Basically, they found out she died, wanted to tell me, but then held that information hostage unless they were able to make some sort of contact with me. So if I wanted to know what the “urgent” news was about someone I loved dearly, I’d have to break my two year estrangement from them and either give out my phone number or call one of them. How absolutely ridiculous and manipulative is that?

After calming down from the initial shock and distress of learning she had died, I was able to gain a little perspective. And ultimately, just by examining that single interaction between my brother and my cousin, I had all the information I needed. Although it admittedly drew me back into their world for a few hours, and for a moment I even longed for contact with my brother, I was also reminded of who these people truly are. Even in a moment of devastation, they chose to use some cloak-and-dagger manipulation game to control the situation and to make it as dramatic and distressing as possible.

I don’t need anymore of that in my life, not even for the sake of saying a proper farewell.

So I will not be making the trip. I will send my condolences through a card and possibly flowers. And the next time I am in the area, I will possibly make plans to see her daughters and visit her grave. Either way, I am doing this my way and on my terms. It might feel kinda yucky to allow my bio family to influence my decision to miss the funeral, but you know what? It’s just not worth getting dragged back into that crap. I deserve better.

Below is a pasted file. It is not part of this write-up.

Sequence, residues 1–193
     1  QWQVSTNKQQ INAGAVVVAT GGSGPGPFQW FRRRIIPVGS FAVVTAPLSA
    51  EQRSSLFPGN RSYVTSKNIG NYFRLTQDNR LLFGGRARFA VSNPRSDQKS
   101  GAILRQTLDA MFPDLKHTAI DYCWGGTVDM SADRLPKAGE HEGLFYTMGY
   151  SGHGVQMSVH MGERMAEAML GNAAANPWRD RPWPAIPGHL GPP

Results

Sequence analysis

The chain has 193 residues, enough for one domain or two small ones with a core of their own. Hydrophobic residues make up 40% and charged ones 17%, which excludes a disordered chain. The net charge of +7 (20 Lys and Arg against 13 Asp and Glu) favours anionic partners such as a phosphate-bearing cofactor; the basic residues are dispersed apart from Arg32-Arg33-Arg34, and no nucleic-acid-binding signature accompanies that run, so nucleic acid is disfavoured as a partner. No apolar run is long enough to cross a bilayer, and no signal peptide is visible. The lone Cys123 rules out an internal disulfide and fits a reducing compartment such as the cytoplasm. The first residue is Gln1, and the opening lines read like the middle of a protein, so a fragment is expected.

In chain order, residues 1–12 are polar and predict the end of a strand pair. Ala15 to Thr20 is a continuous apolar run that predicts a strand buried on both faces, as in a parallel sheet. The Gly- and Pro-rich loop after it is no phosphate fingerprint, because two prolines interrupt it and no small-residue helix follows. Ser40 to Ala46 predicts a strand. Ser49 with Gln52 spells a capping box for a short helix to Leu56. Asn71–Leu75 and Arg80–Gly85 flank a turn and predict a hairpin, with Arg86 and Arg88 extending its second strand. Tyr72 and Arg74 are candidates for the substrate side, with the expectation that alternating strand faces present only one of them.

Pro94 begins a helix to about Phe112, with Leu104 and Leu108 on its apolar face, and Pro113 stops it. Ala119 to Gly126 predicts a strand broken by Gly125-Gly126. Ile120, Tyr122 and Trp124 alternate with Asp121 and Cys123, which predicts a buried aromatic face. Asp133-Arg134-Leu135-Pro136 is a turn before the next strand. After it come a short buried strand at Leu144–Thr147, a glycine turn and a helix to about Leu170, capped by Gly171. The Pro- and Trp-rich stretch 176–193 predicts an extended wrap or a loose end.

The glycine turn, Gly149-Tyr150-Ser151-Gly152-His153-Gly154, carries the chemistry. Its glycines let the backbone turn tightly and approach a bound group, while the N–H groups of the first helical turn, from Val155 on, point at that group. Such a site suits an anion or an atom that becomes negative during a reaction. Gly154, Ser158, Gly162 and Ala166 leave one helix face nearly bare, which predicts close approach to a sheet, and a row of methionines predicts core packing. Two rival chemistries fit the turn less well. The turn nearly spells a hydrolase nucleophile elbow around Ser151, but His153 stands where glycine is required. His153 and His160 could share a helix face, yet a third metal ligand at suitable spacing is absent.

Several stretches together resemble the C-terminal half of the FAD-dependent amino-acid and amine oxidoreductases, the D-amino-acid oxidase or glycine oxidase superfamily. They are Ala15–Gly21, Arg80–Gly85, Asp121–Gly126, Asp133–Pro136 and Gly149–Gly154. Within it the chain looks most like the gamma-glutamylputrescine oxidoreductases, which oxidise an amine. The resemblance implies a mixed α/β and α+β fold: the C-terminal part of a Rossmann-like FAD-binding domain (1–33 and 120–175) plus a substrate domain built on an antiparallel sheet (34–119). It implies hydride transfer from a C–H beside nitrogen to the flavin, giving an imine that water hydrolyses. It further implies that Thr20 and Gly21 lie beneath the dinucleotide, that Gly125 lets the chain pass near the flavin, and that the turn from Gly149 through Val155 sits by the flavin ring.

5 thoughts on “Decisions

  1. Zoe says:

    The way you have decided this though is great. I mean, yes, I understand people say goodbye at funerals, but there is nothing stopping you from saying goodbye to her later — at her grave. I don’t see it as letting them control you and in fact see it more as a great decision that puts you in absolute control; you’re not giving up the possibility of seeing her daughters or having a moment with her at the grave — and you’re doing it on your terms. That means that even if they are the reason you’re not going down there now, they aren’t going to be the reason why you can’t ever say goodbye. You’ll be able to do it. When you’re ready, when it’s best for you, and you’ll have more time to say whatever you needed to her when you visit her grave.